Without talking about the deliberations, meaning don't discuss what your opinion is, when I talked to you earlier you talked about you made a decision that you had. Don't tell us what the decision was or what the disagreement is. But you did seem to mention that something occurred in the jury room that prior to your leaving the jury room. Can you tell us what conduct occurred that caused you to decide to leave the jury room? "JUROR NO. FOUR: Like I said earlier, I was feeling attacked and it was very-it's very uncomfortable when you are trying to make your point across what your decision is what you believe in or what-you know, just talking about the case in general. And I mean, you know, there is ten other people just at you and at you and, you know, wait a minute, I don't that (sic) it's very fair for someone to sit in there and be treated that way. It's very disrespectful, very uncomfortable. We should be working in there together very professional and courteous. You know, this shouldn't be happening in my opinion, my point of view. "THE COURT: If the other jurors were instructed to be courteous, to listen to your views and to politely explain their views to each other, and which include you, would you be willing to then discuss your views with them? "JUROR NO. FOUR: Honestly, your Honor, no. Because they've already made their decision and it's like they are trying to persuade us to change our decision and at this point I'm not going to. "THE COURT: Okay. "JUROR NO. FOUR: It's very uncomfortable. "THE COURT: And don't tell me what your-has there been a vote yet today in the jury room? "JUROR NO. FOUR: No. "THE COURT: Without telling me what their decision is, the decision you are referring to, does that refer to guilt or innocence or is it a decision about different pieces of evidence? "JUROR NO. FOUR: It's both. "THE COURT: Okay. And just to make the record clear, what is your position on whether or not you are willing to go back into the jury room and deliberate with the other jurors? "JUROR NO. FOUR: At this point, your Honor, I don't feel comfortable. "THE COURT: Okay. At any point will you feel comfortable going back in there? "JUROR NO. FOUR: I don't think so. Not the way I was treated in there. It's just not right. "THE COURT: So have you then made a decision about whether you are going back in the jury room or not? "JUROR NO. FOUR: I would not like to go back in there and discuss it. I mean, it's very black and white within there. It's all or nothing and I feel very uncomfortable. "THE COURT: If you were directed to go back into the jury room and discuss your views with the other jurors and listen to theirs, would you do that? "JUROR NO. FOUR: No."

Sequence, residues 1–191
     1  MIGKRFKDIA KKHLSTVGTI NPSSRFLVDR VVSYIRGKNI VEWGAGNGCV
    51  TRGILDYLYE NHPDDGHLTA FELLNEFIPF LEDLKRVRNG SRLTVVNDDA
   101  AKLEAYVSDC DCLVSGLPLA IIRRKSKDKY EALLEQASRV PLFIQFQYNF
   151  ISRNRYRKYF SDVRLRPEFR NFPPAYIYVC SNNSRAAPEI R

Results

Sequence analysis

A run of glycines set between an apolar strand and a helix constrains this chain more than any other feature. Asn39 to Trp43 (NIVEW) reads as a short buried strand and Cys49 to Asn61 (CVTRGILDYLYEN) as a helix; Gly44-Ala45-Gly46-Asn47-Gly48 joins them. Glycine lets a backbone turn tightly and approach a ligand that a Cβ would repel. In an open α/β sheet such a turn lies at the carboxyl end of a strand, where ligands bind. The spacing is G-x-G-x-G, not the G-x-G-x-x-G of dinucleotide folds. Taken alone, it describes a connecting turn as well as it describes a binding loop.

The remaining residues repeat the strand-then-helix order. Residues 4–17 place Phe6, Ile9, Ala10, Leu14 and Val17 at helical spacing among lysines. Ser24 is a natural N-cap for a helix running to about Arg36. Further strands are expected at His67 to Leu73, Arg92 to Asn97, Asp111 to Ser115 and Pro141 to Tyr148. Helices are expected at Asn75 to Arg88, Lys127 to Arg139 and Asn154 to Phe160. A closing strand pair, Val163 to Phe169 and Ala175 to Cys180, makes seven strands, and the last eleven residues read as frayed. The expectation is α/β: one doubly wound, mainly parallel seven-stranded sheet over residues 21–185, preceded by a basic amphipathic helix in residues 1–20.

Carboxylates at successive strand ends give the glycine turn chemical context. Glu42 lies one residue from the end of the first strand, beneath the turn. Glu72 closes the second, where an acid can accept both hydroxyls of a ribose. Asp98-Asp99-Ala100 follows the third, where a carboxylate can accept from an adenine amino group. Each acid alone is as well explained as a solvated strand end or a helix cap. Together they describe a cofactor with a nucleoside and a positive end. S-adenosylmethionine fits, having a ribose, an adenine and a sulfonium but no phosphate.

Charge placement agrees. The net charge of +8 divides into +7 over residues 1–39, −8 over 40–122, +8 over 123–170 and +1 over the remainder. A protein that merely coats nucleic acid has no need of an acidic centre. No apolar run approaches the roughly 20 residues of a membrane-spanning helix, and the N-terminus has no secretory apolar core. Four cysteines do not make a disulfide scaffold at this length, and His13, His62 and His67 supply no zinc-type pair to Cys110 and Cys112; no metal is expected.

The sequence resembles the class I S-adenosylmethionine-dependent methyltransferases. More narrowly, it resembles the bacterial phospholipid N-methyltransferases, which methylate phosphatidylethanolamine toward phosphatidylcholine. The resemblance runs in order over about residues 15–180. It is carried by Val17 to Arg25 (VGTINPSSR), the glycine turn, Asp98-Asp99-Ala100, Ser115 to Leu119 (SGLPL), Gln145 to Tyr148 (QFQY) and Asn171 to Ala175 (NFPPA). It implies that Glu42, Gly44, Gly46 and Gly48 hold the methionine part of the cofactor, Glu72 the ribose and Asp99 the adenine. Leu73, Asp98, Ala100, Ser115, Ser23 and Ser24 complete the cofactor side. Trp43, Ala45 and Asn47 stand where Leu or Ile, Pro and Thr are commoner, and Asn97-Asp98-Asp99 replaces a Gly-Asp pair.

After this discussion, the court excused Juror No. 4, explaining:

"Juror No. Four was asked if the Court ordered, directed-if the Court directed the other nine jurors to listen to her views and to share their views with her as well as-I'm sorry, the other 11 jurors. If the Court instructed the rest of the jurors to share their views with this juror and to listen to hers would she be willing to then deliberate.

I think she's made it clear she is not. Even if they are polite to her, she is not going to do it."

After the next alternate juror was sworn, the court reinstructed the jury that it was required to begin deliberations from the beginning. The court also reinstructed the jury on its duty to deliberate:

"Ladies and gentlemen, it is your duty to talk with one another and to deliberate in the jury room. You should try to agree upon a verdict if you can do so. Each of you must decide the case for yourself, but only after you have discussed the evidence with all of the other jurors. Do not hesitate to change your mind if you become convinced that you are wrong, but do not change your mind just because the other jurors disagree with you.

Keep an open mind and openly exchange your thoughts and ideas about this case. Stating your opinions too strongly at the beginning or immediately announcing how you plan to vote might interfere with an open discussion. Please treat one another courteously. Your role is to be impartial judges of the facts, not to act as an advocate for one side or the other."

The jury then retired to resume deliberations at 1:52 p.m. and concluded at 4:32 p.m. Deliberations resumed the following day, at 8:48 a.m. At 10:52 a.m., the foreperson stated the jury had reached a verdict. (LD 5, 9-17.)

B. Analysis

The Fourteenth Amendment guarantees a right to trial by jury in all criminal cases that would come within the Sixth Amendment's guarantee if tried in a federal court. Duncan v. Louisiana, 391 U.S. 145, 149 (9th Cir. 1968). A defendant's Sixth Amendment right to a fair trial is violated when the "essential feature" of the jury is not preserved. See, Williams v. Florida, 399 U.S. 78, 100 (1970). The relevant inquiry concerning whether a particular attribute of a jury is required concerns the function that a particular feature performs and its relation to the purposes of the jury trial. Id. at 98. The jury trial functions to prevent oppression by the government through the actions of corrupt or overzealous prosecutors and compliant, biased, or eccentric judges. Id. at 100. The essential feature of a jury thus lies in the interposition between the accused and his accuser of the commonsense judgment of a group of lay people, and the community participation and shared responsibility that results from the group's determination of guilt or innocence.